Please have your eyes checked annually especially if you are 45 years or older and make sure your eye doctor is checking your eyes for common diseases.

RCIL will host two independent living classes for people with vision loss in Pittsburg next month.  The first class with be November 1st and will cover self-care, transportation, cooking and shopping.  November 8th is the second class and reading, writing and over all assistive technology will be covered.  Both classes will run 1:00pm-3:00pm and will be held at the Via Christi Village (1502 E. Centennial Dr.).

For anyone who registers ahead of time and/or attends both days will be entered into a drawing for a prize.  To register or if you have questions contact Amanda Smith at (785) 528-3105 or amanda.smith@rcilinc.org.

Look for more information in the upcoming weeks for other locations that classes will be held.

Pittsburg November 2017

Disclaimer: I am not speaking on behalf of anyone I am just paraphrasing a few conversations I have had with some consumers and friends with vision loss.

Blindness and low vision are not that common (thank goodness).  But there are still many people who have vision loss.  I’ve said in a blog before unless you’ve known someone with vision loss the only thing people know about blindness or vision loss is what they have seen portrayed in the movies and or in media.  I would like to clear up some myths and shed some light on some issues.

1. Not all people who use a white cane are totally blind. – First off, totally blind means a person has no usable sight.  So some people who use a white cane may still be able to see some.  They may be able to see: colors, the sun and/or light sources, shapes, etc.  They may not be able to see: holes in the ground, cracks in the sidewalks, curbs, steps, faces/people, street signs, etc.  They are using a cane to identify the information they are unable to see and protect their body from injury.  A white cane also allows drivers to identify persons with vision loss. Kansas does have the “White Cane Law” (Statute 8-1542) which states: blind pedestrian’s right-of-way – the driver of a vehicle shall yield the right-of-way to any blind pedestrian carrying a clearly visible white cane or accompanied by a guide dog.  http://acb.org/whitecane

2. It is called a White Cane – It is not called a stick! When I hear people calling a white cane a stick its like hearing nails on a chalk board.  A cane is a mobility tool and that is what a white cane is.  It is a tool that enables a person with a vision loss to maneuver their environment safely and efficiently.  Do not touch a person’s white cane unless you ask them or they ask for you to.

3. Just because a person can not see does NOT mean they can’t hear or speak – When you are out or possibly at work and you encounter a person who is blind that person make sure you speak to them in a normal voice.  Do not ask/talk to the person beside the person with vision loss about the person with vision loss’s needs!

4. Just say hello! –  When you see someone using a white cane and they are walking towards you on the sidewalk or coming close to where you are standing…  Just say “Hello”!  Don’t jump out of the way.  Don’t get off in the grass (unless very narrow sidewalk).  Just say hello.  That’s all you have to do.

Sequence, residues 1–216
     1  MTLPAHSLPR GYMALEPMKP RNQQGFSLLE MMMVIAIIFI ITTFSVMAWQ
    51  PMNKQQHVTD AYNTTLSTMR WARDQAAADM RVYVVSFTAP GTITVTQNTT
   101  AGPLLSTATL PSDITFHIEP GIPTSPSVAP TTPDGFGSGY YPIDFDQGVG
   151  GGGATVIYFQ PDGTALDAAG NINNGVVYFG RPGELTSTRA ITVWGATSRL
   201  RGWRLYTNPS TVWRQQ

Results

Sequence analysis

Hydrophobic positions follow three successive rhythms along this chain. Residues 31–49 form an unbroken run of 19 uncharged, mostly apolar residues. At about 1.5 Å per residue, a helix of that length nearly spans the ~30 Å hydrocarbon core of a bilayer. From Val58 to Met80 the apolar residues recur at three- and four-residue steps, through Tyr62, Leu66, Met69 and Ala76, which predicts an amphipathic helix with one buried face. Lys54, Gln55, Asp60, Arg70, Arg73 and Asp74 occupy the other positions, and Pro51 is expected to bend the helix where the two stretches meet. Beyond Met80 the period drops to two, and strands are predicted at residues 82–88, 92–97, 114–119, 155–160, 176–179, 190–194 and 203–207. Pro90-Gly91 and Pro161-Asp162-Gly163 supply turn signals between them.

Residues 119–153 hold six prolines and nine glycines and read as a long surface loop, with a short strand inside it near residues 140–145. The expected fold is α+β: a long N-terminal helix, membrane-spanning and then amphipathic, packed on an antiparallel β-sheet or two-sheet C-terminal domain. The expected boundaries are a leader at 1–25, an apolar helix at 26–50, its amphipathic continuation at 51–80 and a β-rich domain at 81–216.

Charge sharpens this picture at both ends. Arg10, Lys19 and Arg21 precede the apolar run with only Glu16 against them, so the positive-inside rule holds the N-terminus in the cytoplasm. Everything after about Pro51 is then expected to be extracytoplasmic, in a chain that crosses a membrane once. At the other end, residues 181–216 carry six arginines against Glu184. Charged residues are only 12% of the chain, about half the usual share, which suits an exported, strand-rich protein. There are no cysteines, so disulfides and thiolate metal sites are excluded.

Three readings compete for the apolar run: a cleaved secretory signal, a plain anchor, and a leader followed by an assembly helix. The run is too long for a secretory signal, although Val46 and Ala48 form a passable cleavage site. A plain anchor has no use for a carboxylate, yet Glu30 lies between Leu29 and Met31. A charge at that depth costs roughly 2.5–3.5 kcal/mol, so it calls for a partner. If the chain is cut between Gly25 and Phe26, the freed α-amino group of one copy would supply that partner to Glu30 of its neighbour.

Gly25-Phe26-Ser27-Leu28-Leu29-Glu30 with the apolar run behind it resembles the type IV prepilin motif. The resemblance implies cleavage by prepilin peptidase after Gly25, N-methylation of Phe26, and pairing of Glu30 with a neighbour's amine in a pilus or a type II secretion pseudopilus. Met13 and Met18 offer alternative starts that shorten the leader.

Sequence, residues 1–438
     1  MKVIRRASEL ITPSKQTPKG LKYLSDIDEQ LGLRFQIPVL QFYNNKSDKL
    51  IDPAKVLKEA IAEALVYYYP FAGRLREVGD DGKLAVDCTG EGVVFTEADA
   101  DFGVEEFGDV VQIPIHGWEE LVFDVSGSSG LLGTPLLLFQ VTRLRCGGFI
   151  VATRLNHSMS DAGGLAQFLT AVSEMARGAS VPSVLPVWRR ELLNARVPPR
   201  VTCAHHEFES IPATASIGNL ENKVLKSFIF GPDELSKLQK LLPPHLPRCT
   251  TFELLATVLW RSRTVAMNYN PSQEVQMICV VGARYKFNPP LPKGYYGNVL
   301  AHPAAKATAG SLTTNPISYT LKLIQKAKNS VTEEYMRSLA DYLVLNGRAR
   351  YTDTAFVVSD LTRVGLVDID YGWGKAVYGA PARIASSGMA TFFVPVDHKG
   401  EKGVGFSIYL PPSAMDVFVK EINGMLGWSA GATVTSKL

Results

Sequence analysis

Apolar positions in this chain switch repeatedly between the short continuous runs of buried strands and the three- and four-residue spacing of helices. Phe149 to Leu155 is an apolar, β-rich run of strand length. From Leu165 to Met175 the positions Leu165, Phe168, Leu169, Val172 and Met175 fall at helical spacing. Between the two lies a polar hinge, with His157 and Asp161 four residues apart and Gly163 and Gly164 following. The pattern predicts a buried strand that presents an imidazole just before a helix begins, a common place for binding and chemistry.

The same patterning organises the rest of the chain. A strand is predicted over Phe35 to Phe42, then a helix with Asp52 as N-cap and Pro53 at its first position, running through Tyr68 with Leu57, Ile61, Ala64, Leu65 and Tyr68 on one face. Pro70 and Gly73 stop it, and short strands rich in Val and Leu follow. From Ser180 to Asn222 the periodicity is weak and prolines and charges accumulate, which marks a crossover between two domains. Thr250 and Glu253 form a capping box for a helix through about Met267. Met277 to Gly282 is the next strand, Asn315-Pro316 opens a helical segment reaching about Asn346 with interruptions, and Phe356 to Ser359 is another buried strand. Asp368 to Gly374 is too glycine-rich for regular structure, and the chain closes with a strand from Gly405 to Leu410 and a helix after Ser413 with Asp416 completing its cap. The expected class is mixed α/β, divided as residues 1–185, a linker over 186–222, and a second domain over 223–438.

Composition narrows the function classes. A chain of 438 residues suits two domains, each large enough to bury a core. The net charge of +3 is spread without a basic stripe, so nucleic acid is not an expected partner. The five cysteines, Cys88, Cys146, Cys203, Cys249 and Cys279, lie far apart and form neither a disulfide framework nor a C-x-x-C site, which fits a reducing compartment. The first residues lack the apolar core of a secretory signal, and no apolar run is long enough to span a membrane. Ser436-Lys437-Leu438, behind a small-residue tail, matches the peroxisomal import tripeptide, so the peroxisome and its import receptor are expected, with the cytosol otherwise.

5. Use your words – Here in the Midwest we are nice people (most of the time).  We open doors, say hello, and help people when we can.  So if you do these things for a person who has a vision loss make sure you say what you are doing, can do, would like to do.  For example: “Hi there! I’m holding the door open for you, go ahead.”  “Would you like help finding the front door?”  “Be careful down the hall you are walking in.  There is a wet floor sign by the fourth door and a large puddle that takes up most of the hallway.”  Remember saying things such as “Its right there”, “Look out”, “over there” and so on are not helpful for people who can not see.

6. Being Independent means different things to different people –   I work with individuals who have vision loss.  This vision loss can range from hard to read prescription bottles to totally blind with no light perception.  When I work with these individuals I teach them skills so they are able to live their life “as independently as possible”.  For some people “as independently as possible” may mean they are able to do everything on their own: cook, clean, find transportation, etc.  For others “as independently as possible” may mean they have assistance with a task such as vacuuming, laundry, etc.  Neither of these is better than the other, it’s what works best for each individual.

 

 

Though January is almost over there is still time to learn about Glaucoma.

  • Currently over 3 million people in the United States have Glaucoma
  • It is estimated that half of those people don’t know they have it
  • There is no symptoms and once vision is lost it is permanent
  • Glaucoma is the leading cause of PREVENTABLE blindness
  • It is 6 to 8 times more common in African Americans
  • There are multiple types of glaucoma most affect middle age but it can occur at any age
  • Best way to protect yourself is yearly eye exams

There are many resources available for more information.

http://www.glaucoma.org/news/glaucoma-awareness-month.php

https://nei.nih.gov/nehep/gam

https://nei.nih.gov/nehep/programs/glaucoma/keep-vision-in-your-future-toolkit-download

https://nei.nih.gov/sites/default/files/nehep-pdfs/GlaucomaFactSheet_2015.pdf